LONG BEACH, Calif.—There's an undeniable pressure playing in the Area Code Baseball Games—a collection of the elite high school talent in the country, played in front of a sea of scouts.
Then there's playing for the Texas Rangers Area Code team. That brings a different set of pressures. There's an expectation for Texas guys—a stereotype, almost.
"Everything's bigger in Texas—especially arms," Rangers righthander Charles King said. "A lot of guys out of our ‘pen and guys starting are coming out throwing low 90s, and that's just kind of how we represent ourselves.
"We have to go out there and throw it hard, break some bats every once in a while. That's kind of how Texas is."
And that's kind of how Texas was on Tuesday, the opening day of Area Codes action. King fronted a cadre of big arms on the mound, earning the starting nod in the opener. A Texas Christian 2016 commit, King boasts a sizable and projectable 6-foot-5, 200-pound frame—and he's on the smaller end of the spectrum. King is teammates with 6-foot-6, 225-pound lefthander Kyle Muller and, perhaps the best prospect of the bunch, hard-throwing 6-foot-7, 235-pound righthander Forrest Whitley.
On Tuesday, King did just fine in meeting the Lone Star State's big-arm expectations. The righthander hovered around the low 90s with his fastball, topping out at 92 mph. He added a low 80s changeup, primarily to lefties, and a slider up to 86 mph.
"I felt a lot better than I have felt in the past, especially out here. You're energized; all eyes are on you," King said. "You're facing the best competition, so it really helps you lock in and get in the zone. I felt pretty good out there. My stuff wasn't as good as it can get, but that's part of being a pitcher. You've got to go out there and fight through it."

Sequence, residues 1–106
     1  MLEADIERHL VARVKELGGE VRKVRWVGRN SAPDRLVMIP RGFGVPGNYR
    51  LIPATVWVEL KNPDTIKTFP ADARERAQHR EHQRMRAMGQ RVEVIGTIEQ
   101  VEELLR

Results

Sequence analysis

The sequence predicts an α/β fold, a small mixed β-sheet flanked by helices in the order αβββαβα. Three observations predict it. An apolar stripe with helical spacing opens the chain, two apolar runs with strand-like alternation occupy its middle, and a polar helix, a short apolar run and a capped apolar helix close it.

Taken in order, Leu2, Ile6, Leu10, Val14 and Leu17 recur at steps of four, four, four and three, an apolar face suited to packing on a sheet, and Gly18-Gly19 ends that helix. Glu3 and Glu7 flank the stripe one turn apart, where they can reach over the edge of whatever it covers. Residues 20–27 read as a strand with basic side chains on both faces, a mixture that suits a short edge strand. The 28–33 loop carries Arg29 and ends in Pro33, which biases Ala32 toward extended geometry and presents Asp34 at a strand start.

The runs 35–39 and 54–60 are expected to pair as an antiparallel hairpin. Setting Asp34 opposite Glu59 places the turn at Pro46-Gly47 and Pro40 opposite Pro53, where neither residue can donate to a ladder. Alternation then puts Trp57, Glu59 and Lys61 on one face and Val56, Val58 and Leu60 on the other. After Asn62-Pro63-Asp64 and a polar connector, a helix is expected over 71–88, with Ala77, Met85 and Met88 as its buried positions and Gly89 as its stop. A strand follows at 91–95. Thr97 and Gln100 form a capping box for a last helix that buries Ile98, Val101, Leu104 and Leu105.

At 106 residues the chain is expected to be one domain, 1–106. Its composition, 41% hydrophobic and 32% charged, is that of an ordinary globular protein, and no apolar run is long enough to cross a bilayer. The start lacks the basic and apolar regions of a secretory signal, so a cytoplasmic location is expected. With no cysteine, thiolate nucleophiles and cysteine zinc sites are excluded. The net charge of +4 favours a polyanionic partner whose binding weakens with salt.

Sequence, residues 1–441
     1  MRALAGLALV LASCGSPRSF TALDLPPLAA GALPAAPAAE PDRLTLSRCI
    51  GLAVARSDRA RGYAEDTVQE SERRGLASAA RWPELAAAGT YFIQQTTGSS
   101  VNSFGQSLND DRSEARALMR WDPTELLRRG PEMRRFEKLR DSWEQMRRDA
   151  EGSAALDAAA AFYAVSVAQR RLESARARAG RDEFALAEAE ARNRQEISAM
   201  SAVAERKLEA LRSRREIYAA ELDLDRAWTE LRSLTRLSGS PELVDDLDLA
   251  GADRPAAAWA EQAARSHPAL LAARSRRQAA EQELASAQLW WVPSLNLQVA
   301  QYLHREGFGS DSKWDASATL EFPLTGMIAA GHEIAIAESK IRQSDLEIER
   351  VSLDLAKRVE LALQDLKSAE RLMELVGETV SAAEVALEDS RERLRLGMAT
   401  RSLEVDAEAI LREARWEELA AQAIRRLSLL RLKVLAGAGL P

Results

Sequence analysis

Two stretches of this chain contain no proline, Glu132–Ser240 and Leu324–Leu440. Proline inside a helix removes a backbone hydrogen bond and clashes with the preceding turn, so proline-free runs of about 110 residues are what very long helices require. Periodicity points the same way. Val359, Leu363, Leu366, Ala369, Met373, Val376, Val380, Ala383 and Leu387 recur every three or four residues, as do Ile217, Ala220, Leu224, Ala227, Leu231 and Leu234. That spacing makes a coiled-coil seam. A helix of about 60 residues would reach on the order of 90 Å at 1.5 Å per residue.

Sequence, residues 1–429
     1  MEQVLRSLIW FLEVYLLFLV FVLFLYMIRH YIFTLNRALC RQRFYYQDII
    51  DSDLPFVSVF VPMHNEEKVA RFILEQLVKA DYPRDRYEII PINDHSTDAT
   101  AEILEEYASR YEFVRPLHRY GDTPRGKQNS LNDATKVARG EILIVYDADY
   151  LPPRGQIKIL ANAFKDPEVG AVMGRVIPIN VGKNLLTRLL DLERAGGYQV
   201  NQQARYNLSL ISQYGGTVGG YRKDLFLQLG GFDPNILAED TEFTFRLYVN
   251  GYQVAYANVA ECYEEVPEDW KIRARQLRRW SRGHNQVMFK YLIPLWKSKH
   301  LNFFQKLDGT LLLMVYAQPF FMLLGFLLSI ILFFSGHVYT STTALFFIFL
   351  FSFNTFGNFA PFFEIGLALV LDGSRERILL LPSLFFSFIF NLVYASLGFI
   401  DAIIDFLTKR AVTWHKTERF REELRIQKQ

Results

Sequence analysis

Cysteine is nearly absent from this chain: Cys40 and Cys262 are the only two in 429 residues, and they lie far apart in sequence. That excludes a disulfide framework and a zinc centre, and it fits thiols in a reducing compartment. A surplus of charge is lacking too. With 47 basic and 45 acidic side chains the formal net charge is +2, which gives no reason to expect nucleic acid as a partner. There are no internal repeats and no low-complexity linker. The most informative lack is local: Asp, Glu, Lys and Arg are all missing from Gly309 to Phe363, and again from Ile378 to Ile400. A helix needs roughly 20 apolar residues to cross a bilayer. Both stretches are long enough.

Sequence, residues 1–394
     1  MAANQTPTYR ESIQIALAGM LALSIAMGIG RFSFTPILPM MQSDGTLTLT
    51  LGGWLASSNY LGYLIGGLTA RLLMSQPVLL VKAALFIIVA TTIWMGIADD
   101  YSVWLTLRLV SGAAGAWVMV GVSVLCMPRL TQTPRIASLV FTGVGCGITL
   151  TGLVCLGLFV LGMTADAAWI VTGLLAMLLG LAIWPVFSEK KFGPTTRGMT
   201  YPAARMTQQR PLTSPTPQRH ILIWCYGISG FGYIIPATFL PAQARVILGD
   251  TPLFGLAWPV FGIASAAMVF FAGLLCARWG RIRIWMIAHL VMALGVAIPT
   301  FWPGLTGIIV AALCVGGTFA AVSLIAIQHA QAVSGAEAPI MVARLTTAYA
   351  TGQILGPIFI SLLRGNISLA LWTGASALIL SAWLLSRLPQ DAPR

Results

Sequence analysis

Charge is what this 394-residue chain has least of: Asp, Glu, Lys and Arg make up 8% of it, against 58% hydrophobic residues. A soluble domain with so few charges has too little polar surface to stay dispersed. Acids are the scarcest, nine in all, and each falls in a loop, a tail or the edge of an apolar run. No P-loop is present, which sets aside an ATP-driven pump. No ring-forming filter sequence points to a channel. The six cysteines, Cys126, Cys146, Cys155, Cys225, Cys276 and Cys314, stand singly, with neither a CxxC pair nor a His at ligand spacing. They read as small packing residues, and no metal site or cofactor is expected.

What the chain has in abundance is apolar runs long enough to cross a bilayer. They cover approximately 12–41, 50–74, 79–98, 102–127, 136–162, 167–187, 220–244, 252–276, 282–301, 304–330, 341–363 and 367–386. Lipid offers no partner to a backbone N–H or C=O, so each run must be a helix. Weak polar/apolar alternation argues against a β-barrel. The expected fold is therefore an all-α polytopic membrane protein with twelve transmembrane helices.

King's performance was an appetizer for what was to come for Texas. Though Whitley didn't pitch Tuesday, Muller threw two scoreless innings, sitting 86-88 mph from the left side and picking up a couple of strikeouts with a 74-77 mph hook.
But the standout performance on the mound—for the Rangers and perhaps on the day as a whole—came from 6-foot-3, 175-pound righthander Kevin Roliard. A Texas commit, Roliard came out noticeably loose and was just as noticeably popping the mitt. Roliard struck out five in three scoreless innings, topping out at 94 mph with a lively fastball that prompted scouts to hold up their radar guns. He mixed in a serviceable changeup and a low-80s slider that he lost his feel for at times. But in three innings, he allowed just one hit, one walk, and that was it.
Roliard said he felt everything working, his mechanics felt sound. And he stood out on a pitching staff where everything's bigger.
"It's nice picking their brain and talking to them," Roliard said of his fellow pitchers. "It's a lot of motivation. You have to be better than them—or as good."
Roliard knows, on a staff as talented as Texas’, he isn’t the lone star.